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J Pediatr Gastroenterol Nutr. 2016 Dec;63(6):637-643.

Growth Pattern in Paediatric Crohn Disease Is Related to Inflammatory Status.

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*Division of Gastroenterology, Hepatology and Nutrition, Department of Paediatrics, Lille University Jeanne de Flandre Children's Hospital †Biostatistics Unit, Lille University Hospital, EA 2694 ‡Department of Public Health, Epidemiology and Economic Health, Epimad Registry, Lille University Hospital, University of Lille §Lille Inflammation Research International Centre LIRIC UMR 995, University of Lille, Inserm, CHU Lille, Lille, France.



The respective role of disease activity and steroid therapy in growth impairment in paediatric-onset Crohn disease (CD) is still debated. Our aim was to investigate whether the growth pattern of children with CD was correlated with the inflammatory status during the disease course, regardless the cumulative duration of steroid therapy.


One hundred and seven patients with a diagnosis of CD <17 years, followed during ≥2 years and for whom ≥2 height measures were available during follow-up, were identified between 1998 and 2010. Height, C-reactive protein (CRP), orosomucoid, and steroid therapy duration were collected at each visit. The relationship between the evolution of growth velocity and inflammatory status during follow-up was investigated using a linear mixed model with random coefficients.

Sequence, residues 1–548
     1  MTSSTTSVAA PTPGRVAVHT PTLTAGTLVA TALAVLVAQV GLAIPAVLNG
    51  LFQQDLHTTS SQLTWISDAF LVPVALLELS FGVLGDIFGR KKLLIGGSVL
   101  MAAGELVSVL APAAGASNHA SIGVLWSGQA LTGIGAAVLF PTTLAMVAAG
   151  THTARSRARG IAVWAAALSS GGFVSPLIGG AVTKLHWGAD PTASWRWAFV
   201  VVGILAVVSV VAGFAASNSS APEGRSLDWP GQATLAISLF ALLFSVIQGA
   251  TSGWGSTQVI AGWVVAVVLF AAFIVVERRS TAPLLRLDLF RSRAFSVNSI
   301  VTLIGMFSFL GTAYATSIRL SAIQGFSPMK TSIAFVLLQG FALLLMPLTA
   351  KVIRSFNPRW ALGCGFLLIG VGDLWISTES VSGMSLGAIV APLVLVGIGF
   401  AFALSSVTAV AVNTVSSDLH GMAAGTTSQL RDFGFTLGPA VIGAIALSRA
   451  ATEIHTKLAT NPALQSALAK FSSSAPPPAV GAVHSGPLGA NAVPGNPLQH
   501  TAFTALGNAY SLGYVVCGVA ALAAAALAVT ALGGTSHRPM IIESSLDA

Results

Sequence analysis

Median age at diagnosis was 11.7 years (Q1-Q3: 9.8-13.5). Mean height for age (H/A) z score was 0.14 ± 1.29 at diagnosis and 0.05 ± 1.23 among the 75 patients who had reached their final height at maximal follow-up (median: 4.9 years; Q1-Q3: 3.8-6.4). Growth failure (H/A z score <-2) was present in 7 (8%) patients at diagnosis and 5 (5%) at maximal follow-up. Growth velocity was negatively correlated with the evolution of CRP (P < 0.0001) and orosomucoid (P < 0.0001) during follow-up. After adjustment for the cumulative duration of steroid therapy, these 2 correlations remained significant (CRP: P = 0.0008; orosomucoid: P < 0.0001).


Children with CD with uncontrolled inflammatory status have a lower growth velocity. The inflammatory status should be kept as close to normal as possible in paediatric-onset patients with CD to optimize their growth pattern.

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